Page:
Her replacement was Boots. Some argued that it was too soon for him to get a new dog. As I recall, Dave and Jacky had come across this beast, barely a puppy, and thought he was the perfect companion for my grandfather. And turns out he was. Boots was a big muscular floppy dog. A black lab cross, he had a big expressive face - with "eyebrows" he liked to sway up and down as you talked to him. He'd lay napping beside my grandpa on the livingroon floor of our family's cottage.

I remember meeting Boots for the first time. I'd just arrived up north and opened my car door. These are the best times: the deep inhaling of the fresh smells of lake and just cut grass and fresh air. Delicious. Boots approached the car barking - but I'd been warned. That was how he was. As he came toward my driver's side he regarded me warily. Then he spied my shoe - some stupid Spice Girl platform strap-on sandal. Tasty. He chomped it in his big mouth and ran away. And he ran and ran and ran. I kind of tried to chase him, but he was whizzing around the whole property. No chance.

When he finally approached, sandal in mouth, he let me almost have it, before he gripped it again and fought me for it. When I finally won it over again, I held it up in the air beyond his reach - and he brought his good and strong jaws down on my bicep. I still have the scar - white and in a semi circle, where his teeth had gone through my T-shirt.

That's not to say he was fierce. He wasn't. He could gently nuzzle a hot-dog out of a baby's hand. And he often did. He would bite the ball of ice-cream off the cone of someone not paying attention. He'd empty a plate of barbequed goodness - in seconds - of you had your back turned. He loved fetch - as he proved with my sandal - but he really never was good at letting go, despite my uncle's commands of "Off, Boots, OFF!"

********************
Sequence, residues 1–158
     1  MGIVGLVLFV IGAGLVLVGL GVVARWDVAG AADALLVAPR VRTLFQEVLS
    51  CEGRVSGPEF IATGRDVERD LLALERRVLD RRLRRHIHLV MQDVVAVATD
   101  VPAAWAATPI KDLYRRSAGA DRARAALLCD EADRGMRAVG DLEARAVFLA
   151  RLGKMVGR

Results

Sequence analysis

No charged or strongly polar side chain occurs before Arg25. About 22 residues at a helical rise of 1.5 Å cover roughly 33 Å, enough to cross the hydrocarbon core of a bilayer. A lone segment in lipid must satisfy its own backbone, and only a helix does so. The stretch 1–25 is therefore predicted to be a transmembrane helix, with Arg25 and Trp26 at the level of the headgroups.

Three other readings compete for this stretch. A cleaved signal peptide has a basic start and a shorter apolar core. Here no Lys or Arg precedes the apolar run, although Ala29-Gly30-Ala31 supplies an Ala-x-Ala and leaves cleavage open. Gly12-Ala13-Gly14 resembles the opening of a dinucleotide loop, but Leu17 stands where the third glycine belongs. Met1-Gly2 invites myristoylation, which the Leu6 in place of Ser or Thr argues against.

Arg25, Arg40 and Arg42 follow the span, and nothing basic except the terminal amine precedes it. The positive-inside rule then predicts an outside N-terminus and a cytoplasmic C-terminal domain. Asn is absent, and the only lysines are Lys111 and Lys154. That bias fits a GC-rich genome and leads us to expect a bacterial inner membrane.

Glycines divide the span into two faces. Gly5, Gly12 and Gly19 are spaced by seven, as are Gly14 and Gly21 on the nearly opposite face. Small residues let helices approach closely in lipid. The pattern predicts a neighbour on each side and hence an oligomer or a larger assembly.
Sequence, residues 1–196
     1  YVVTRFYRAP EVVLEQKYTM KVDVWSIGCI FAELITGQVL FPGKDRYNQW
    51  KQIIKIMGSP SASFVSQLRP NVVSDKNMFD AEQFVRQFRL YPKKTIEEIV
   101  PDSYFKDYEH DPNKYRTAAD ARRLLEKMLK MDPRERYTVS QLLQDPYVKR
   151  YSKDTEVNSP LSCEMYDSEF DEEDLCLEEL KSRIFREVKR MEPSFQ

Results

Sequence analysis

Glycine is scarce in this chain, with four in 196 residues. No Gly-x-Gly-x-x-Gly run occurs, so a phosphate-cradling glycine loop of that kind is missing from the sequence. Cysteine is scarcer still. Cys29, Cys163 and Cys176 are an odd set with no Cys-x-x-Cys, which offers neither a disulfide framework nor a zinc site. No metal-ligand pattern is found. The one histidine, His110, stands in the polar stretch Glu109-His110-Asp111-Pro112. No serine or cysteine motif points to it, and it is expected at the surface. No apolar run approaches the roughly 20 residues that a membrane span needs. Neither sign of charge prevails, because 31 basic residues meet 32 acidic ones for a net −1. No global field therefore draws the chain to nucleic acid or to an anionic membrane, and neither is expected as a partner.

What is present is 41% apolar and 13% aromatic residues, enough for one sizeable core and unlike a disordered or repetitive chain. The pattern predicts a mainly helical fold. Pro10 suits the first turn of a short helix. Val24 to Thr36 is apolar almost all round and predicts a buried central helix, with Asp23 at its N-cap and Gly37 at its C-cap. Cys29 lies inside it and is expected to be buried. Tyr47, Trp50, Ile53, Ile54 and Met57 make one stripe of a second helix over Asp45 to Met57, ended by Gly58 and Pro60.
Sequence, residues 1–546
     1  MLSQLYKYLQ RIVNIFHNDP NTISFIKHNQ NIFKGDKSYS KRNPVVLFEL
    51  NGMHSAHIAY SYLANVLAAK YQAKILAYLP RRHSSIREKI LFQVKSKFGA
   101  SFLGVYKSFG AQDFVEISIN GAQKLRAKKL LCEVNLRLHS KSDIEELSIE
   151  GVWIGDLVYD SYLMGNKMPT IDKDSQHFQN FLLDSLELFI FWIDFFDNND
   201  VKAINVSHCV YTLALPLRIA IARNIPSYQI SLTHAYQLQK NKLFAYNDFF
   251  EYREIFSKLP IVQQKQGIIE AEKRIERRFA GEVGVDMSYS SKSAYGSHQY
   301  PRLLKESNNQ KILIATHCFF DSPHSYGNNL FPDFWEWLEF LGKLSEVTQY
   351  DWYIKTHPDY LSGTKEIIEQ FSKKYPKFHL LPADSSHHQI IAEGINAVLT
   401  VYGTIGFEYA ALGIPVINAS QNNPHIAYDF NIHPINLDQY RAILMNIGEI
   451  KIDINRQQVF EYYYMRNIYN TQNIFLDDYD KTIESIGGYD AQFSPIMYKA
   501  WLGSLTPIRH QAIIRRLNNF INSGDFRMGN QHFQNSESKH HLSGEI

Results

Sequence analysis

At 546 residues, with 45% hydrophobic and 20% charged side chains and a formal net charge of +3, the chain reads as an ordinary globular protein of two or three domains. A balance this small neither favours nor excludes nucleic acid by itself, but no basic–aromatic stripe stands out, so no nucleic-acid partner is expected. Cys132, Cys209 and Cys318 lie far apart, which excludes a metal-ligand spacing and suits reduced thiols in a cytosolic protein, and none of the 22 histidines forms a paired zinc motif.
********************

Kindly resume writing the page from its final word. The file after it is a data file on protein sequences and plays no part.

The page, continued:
In the middle of a cold February night, my grandfather - Boots' "papa" suffered a heart attack. My grandfather got himself out of bed, got mostly dressed, and headed toward his car to drive himself the 30 minutes to the hospital. He only made it to the back stairs.

Boots would have been okay inside. He knew where his great big bag of food was. Instead, he clawed his way out of the sliding front door. I think he could see my grandfather outside. He totally wrecked the frame - and when my aunt showed up a couple days later to find her dad frozen on the back porch, she also found Boots - who refused to come out from under the steps. A habit he kept up for months after. Dave and Jacky, the animal heroes of my family, took him in and he had a great life with them. But at my family's cottage, where my grandfather lived - Boots has been a fixture for years. It'll be so strange to not see him there. Just like it still is to not see my grandfather.